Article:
It explains some clinical findings, such as why antidepressants and antipsychotics do not work for a week to fortnight (they hit steady state and alter receptor saturation within a day or so).

And it blows your classification to smithereens.

dearieme said...

That sounds very gloomy. Whenever my wife sees appalling driving, be it recklessness or incompetence, she wonders out loud about the driver being on drugs. Must we now wonder whether they are on prescribed drugs?

dearieme said...

A long shot but: the short-tempered cabinet minister who ranted at the policemen the other day - would it be legitimate to wonder what he's on, or is "he's always been a twat" explanation enough?

Bruce Charlton said...

@d - not sure about these particular examples - but some of the out-of-the-blue suicides (e.g of famous people) will probably due to SSRIs; and some of the weirdly horribly violent explosive murders we see in the news are probably due to anabolic steroids (which are extraordinarily widely used, illegally).

@CHris - but antidepressants begin to work in hours or a few days (i.e. after they have been absorbed, or when they later reach therapeutic levels), not after a few weeks - so there is nothing to explain.

(There is no drug which takes weeks to start working - the slowest are probably drugs that affect cell turnover like cytotoxics - but even they work in days.)

(Look at my (online) book Psychiatry and the Human Condition - http://www.hedweb.com/bgcharlton/
for a discussion of this point.)

You must understand that almost all modern medical research is corrupt, and systematically dishonest - rotten from top to bottom. The people involved are not even trying to be honest - surely you have heardthem speaking?

It is a matter of working from a few sources of evidence that can be trusted.

FHL said...

I have a quick question: can psychoactive drugs permanently alter thinking patterns? I'm not talking about the simple effect of withdrawal and addiction. I mean: can taking a psychoactive drug change the way a person processes reality and logic in such a way that his thinking is permanently altered even after the drug has completely left his system, even years later- possibly for the rest of the person's life? Would/could this change personality? Can certain drugs reroute neurons?

Bruce Charlton said...

@FHL - Not usually. But yes, they could. And not just psychoactive drugs, but various agents.

Neurotoxicity is one mechanism - poisoning nerve cells so that they are permanently impaired or killed. It happens with a number of agents - for example Alchohol, Carbon monoxide; and from trauma (e.g. punch drunk syndrome) - as well as drugs.

The fact that some drugs have such a different effect in first dose from ever after implies that some changes may occur with the first dose and last a lifetime.

Bruce Charlton said...


Rather a lot of "it probably works by...."

...and in conjunction with your comment-

"You must understand that almost all modern medical research is corrupt, and systematically dishonest"

makes me wonder about the efficacy of pills as panaceas. Does anybody really understand how these pills work.

I asked my doctor what effect my levetiracetam tablets would have on my body if I didn't need them and she replied 'probably none'
There's that word again - probably. Makes me nervous hearing words like that.

Do I need them?
I sometimes wonder if there isn't a better way.
By the way, I didn't know you had been 'sacked' - the internet is a strange world with a mind of its own :)
John Douglas

Ariston said...

Where would you place the use of the anticonvulsant lamotrigine in this classification? It seems (by comparison to lithium, at least) that it would be placed in category three, but testimony has given me the idea that it does not result in the blunting effects lithium or SSRIs tend to.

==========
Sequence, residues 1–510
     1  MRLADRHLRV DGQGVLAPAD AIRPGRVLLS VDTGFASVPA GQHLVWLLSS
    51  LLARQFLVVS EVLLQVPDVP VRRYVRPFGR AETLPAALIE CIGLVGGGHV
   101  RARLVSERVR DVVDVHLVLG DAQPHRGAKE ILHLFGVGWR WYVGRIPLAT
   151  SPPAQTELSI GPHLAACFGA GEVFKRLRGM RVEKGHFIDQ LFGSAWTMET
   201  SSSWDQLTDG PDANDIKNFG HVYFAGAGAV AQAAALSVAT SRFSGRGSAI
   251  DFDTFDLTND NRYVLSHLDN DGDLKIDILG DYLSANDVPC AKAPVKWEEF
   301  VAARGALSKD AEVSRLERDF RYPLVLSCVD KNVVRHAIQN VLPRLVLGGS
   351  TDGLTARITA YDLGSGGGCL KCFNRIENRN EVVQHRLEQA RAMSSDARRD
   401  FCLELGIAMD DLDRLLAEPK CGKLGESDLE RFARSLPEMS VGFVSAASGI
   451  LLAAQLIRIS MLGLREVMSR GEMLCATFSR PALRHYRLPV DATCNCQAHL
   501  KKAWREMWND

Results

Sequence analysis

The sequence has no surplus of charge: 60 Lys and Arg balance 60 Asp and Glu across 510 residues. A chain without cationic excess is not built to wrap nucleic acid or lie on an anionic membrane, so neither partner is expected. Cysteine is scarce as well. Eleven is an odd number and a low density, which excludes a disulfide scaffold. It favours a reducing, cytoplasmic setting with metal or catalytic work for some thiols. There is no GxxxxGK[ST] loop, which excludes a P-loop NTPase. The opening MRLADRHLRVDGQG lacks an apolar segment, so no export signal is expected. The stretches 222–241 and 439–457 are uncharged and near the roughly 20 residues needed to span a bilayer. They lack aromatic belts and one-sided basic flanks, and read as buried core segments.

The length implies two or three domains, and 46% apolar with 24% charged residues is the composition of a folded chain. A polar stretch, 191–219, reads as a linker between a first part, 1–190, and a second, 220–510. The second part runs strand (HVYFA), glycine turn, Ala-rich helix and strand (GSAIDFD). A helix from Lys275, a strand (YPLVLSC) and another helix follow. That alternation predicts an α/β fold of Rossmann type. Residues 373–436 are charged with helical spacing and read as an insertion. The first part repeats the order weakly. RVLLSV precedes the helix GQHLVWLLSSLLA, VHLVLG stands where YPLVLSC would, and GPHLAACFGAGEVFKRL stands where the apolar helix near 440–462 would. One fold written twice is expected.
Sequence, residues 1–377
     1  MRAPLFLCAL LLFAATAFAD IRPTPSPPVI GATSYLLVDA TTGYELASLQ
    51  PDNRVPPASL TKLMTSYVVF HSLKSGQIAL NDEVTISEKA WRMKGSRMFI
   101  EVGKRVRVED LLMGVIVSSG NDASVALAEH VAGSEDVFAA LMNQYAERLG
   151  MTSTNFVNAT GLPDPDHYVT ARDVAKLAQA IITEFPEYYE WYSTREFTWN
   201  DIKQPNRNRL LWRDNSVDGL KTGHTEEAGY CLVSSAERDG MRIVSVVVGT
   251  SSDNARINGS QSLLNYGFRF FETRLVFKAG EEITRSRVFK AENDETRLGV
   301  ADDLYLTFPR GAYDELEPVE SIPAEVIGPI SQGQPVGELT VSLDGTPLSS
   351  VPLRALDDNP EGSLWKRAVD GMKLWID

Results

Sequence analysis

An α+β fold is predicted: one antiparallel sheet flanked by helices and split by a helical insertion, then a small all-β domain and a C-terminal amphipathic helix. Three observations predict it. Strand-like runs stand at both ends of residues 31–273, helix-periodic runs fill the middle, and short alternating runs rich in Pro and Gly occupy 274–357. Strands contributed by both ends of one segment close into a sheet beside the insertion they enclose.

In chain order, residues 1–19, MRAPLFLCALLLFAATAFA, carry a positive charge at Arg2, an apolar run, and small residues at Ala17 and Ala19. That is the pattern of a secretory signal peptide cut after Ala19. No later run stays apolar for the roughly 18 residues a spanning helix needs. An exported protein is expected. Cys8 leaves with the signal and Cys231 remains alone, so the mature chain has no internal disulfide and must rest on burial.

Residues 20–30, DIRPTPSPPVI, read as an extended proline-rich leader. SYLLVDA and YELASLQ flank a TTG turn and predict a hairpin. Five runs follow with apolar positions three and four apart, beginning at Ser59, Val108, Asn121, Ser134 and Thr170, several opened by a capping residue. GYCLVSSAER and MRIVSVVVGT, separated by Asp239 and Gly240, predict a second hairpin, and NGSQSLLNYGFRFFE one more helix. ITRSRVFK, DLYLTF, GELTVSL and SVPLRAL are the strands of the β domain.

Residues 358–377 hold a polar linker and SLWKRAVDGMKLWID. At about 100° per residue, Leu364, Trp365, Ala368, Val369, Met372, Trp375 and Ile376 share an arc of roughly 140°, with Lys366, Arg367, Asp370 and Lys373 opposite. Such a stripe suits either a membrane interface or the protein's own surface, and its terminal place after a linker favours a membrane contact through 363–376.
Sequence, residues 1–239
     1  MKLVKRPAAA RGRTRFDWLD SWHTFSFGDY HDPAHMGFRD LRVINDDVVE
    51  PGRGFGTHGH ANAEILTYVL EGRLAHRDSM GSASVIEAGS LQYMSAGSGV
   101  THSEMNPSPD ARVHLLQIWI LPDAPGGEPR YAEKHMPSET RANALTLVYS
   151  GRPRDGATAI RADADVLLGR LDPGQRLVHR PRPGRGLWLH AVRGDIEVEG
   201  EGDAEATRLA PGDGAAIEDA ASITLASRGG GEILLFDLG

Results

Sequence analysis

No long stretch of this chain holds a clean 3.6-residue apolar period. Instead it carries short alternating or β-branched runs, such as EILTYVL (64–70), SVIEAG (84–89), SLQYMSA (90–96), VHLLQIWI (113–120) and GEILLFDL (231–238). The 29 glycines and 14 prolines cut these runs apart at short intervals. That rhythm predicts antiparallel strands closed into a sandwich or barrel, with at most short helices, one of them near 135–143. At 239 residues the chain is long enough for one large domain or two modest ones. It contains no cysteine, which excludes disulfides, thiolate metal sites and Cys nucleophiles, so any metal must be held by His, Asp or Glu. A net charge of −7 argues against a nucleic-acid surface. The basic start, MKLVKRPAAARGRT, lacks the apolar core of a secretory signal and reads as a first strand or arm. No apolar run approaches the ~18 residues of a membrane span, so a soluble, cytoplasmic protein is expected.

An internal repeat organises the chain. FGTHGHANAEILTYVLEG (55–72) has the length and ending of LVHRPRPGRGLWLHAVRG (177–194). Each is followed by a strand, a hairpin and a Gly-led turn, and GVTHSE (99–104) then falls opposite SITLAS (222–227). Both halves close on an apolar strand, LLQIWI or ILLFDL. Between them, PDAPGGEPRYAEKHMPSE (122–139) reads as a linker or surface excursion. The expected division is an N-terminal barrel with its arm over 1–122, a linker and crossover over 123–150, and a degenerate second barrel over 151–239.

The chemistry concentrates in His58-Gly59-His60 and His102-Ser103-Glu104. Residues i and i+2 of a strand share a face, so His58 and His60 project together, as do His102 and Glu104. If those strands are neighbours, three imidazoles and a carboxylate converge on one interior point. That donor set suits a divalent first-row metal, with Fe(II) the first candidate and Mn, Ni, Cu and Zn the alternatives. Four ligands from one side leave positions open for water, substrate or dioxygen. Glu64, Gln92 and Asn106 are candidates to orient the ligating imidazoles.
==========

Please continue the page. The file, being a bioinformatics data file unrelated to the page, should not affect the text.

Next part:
It strikes me that one of the biggest problems with drug regimens is the desire to create easily definable classes rather than analyzing particular cases and allowing the patient (if intelligent enough) to self–experiment with differing psychopharma to a degree. I worked as a technician in a pharmacy during college, and the amount of persons on SSRIs was terrifying— especially among women over 35.

(Even more terrifying is the wide use of anti–psychotics amongst children from families poor enough to be on the free governmental health care in the US— obviously the successor to amphetamines in attempting to deal with their behavior.)

Bruce Charlton said...
This comment has been removed by the author.
Ariston said...

The link you sent me was dead, but I found it here. Very interesting. I've noticed that European (including the UK) doctors tend to be more bullish on St John's Wort than American ones; a friend of mine doing her residency says the negative interactions are very emphasized in medical school. I know a number of persons who take it, but mostly for SAD.

It's interesting that you call lamotrigine an antipsychotic; most of what I've seen on it has defined it as an atypical antidepressant, but that has not jived with my impression the phenomenal side of the literature describing patient response. (I'm a hobbyist reader of medical literature— a strange way to pass time, I know.) I have wondered if its description as such has been to make it more palpable to patients; it's a lot easier to sell to a patient that they need an atypical antidepressant than an antipsychotic.

Bruce Charlton said...


Thanks for pointing out my slip of the pen with Lamotrigine - I meant anticonvulsant (*not* antipsychotic).

From a psychiatry point of view - Lamotrigine is promoted as a 'mood stabilizer' - but that concept is bogus.

Lamotrigine may - apparently - have uses as an antidepressant (in line with what you say above). It may have stimulant properties (increasing energy and motivation, rather like amphetamine).

I agree that people seem to like taking L. - whereas they dislike most of the other anticonvulsants, unless they appreciate sedation.

I have deleted my comment, to avoid propagating error - which does make you comment in response look rather strange - sorry!